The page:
Why I Like This Book:
A colorful, modern, humorous, loose-retelling of how Ganesha broke his tusk. This book is full of kid-appeal that can serve has a good first introduction to the elephant god.

I find traditional retellings of Hindu mythology or folktales to be strong in the action and morality aspects but very dry when it comes to character, and somewhat un-relatable. It if for this reason that I love this modern take of Ganesha, even with its deviations from the actual story.

Ganesha is cute and like an ordinary Indian boy. He plays cricket (British sport like baseball), dances, rings temple bells, and cruises around on his mouse (which reminded me of skateboarding). A child character is not complete without discussing his favorite sweet; for Ganesha it’s the laddoo. I love the idea of the “Jawbreaker Laddoo”; I think it is hilarious, especially since it comes out of a gumball machine. Genius! (fyi – a real laddoo would fall apart if it came out of machine) And when Ganesha breaks his tusk, I like that he tries to re-attach it with tape. Vyasa the poet helps Ganesha learn how he his broken tusk can still be useful. Ganesha does assist Vyasa by writing down the epic Hindu story, the Mahabharata. (this part is true) I like the off-beat humor of Mr. Mouse acting as Ganesha’s lawyer.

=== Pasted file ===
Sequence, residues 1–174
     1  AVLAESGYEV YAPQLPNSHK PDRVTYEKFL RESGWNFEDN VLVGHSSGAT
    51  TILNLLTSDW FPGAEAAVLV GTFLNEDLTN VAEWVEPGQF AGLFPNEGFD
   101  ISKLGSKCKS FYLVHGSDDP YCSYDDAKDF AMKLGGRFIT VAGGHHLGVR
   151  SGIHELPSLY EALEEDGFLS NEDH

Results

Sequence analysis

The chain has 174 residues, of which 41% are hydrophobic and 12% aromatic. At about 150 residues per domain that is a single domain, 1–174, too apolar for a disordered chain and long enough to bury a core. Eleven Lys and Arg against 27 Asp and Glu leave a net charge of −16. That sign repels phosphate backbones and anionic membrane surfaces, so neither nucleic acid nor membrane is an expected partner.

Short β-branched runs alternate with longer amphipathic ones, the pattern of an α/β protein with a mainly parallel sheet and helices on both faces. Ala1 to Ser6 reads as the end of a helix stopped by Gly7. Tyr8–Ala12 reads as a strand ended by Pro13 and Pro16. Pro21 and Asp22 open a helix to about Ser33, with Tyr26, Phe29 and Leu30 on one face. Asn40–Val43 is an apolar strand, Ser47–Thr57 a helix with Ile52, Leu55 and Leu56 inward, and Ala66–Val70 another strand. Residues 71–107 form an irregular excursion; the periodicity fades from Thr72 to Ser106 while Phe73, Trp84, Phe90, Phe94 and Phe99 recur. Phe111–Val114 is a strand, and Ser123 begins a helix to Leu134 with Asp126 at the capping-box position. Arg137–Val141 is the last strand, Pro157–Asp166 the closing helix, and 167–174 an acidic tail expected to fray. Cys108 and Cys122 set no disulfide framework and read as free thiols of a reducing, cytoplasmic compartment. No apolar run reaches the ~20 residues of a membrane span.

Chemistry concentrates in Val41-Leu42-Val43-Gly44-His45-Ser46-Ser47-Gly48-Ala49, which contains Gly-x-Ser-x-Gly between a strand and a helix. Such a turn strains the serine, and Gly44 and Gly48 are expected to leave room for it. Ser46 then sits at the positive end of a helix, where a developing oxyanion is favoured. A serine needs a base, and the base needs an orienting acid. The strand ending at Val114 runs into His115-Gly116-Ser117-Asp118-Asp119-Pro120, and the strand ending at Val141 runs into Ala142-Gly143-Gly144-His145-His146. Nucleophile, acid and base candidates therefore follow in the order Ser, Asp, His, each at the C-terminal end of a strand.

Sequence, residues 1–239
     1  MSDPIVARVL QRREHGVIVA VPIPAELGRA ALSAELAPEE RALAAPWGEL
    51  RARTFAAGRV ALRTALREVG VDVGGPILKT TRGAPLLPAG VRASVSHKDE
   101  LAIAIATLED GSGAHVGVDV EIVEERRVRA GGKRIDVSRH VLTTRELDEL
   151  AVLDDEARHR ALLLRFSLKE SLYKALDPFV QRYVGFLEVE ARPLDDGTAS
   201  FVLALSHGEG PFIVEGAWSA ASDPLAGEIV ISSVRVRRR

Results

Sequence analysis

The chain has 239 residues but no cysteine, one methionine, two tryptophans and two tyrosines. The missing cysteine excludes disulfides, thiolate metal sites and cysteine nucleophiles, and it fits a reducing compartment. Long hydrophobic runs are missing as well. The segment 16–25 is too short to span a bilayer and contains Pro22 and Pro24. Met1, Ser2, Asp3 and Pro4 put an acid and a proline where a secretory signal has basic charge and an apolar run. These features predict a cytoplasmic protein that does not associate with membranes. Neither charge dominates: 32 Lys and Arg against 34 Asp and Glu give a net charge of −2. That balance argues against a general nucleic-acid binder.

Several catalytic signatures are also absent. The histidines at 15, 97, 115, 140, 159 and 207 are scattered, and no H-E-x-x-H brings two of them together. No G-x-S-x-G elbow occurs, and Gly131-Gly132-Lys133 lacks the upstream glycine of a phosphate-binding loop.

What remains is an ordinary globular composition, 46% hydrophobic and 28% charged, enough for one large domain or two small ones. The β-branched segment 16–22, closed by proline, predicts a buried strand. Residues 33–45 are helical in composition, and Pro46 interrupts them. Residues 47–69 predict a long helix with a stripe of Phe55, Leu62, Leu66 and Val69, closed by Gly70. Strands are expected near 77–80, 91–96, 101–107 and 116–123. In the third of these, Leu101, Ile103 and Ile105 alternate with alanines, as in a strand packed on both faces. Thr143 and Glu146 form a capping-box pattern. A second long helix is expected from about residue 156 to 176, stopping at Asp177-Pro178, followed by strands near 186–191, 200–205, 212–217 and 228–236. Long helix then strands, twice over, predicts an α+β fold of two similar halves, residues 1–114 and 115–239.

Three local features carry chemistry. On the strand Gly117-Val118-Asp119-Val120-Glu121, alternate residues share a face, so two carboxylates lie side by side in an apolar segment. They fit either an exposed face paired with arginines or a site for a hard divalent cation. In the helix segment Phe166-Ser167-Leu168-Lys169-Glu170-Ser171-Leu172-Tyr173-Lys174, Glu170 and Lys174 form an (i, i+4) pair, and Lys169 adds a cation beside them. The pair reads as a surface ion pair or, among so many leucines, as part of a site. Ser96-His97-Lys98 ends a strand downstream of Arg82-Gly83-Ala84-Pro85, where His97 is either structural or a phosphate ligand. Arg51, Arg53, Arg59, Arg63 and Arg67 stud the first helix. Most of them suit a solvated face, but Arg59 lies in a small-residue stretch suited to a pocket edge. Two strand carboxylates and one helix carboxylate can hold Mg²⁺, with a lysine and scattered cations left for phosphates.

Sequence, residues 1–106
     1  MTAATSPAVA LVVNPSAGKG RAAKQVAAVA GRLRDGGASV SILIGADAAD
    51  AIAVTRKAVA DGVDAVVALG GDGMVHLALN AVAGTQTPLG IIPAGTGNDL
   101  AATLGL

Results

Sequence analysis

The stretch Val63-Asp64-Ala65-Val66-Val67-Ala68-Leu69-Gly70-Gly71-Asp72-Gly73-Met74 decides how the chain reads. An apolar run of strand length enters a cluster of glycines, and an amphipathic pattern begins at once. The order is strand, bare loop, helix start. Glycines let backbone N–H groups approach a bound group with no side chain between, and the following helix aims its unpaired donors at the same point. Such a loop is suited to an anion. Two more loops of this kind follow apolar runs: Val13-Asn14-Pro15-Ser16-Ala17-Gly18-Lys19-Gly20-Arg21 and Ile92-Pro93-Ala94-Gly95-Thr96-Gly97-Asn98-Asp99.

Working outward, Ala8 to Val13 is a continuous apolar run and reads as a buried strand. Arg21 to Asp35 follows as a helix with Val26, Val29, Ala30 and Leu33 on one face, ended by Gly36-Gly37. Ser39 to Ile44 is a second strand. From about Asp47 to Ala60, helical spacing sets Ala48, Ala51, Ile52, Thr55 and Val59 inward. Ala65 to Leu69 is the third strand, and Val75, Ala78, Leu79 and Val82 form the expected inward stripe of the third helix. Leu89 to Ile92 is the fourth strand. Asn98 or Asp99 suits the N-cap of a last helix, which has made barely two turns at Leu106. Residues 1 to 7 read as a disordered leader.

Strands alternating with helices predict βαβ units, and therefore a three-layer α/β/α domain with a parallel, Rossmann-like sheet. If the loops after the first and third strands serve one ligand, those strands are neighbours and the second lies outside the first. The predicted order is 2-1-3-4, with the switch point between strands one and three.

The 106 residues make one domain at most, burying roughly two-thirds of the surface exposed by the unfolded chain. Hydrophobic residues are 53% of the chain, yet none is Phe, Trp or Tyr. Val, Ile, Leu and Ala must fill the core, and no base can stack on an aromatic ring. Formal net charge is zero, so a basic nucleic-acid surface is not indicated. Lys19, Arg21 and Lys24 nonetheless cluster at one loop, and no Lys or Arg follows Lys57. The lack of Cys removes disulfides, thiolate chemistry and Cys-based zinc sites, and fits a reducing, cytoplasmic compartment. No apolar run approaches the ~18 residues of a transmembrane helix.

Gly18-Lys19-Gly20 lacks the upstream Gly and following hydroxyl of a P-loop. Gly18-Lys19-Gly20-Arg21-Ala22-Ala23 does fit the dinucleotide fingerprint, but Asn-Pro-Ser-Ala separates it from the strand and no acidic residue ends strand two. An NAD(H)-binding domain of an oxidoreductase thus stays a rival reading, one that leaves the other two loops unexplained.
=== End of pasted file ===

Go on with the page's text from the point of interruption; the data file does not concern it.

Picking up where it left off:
This book would work well for storytime, it provides a first glimpse into Hindu mythology for young kids. For classroom settings, I would recommend supplementing this book with other traditional retellings.

For an in-depth look at the gorgeous illustrations that just “pop”, please head over to Design of the Picture Book.

Find Ganesha’s Sweet Tooth at the following spots:
Kitaab WorldAmazon | Barnes & Noble | Indiebound | Goodreads
ISBN-10: 1452103623
ISBN-13: 978-1452103624

This review is part of Susana Leonard Hill’s Perfect Picture Book series. Visit her site to see the other books recommended.

Disclosure: I received my copy of Ganesha’s Sweet Tooth from the publisher Chronicle Books. This review nevertheless reflects my own and honest opinion about the book.

No Responses to “Ganesha’s Sweet Tooth”

  1. Susanna Leonard Hill

    This book sounds wonderful, Darshana, very interesting and different, and educational as well as an introduction to something kids might not know a lot about. And you’re right – the art is something else! Going over to Carter’s to get her take on it 🙂 Thanks so much for adding this one to our list!

  2. Joanna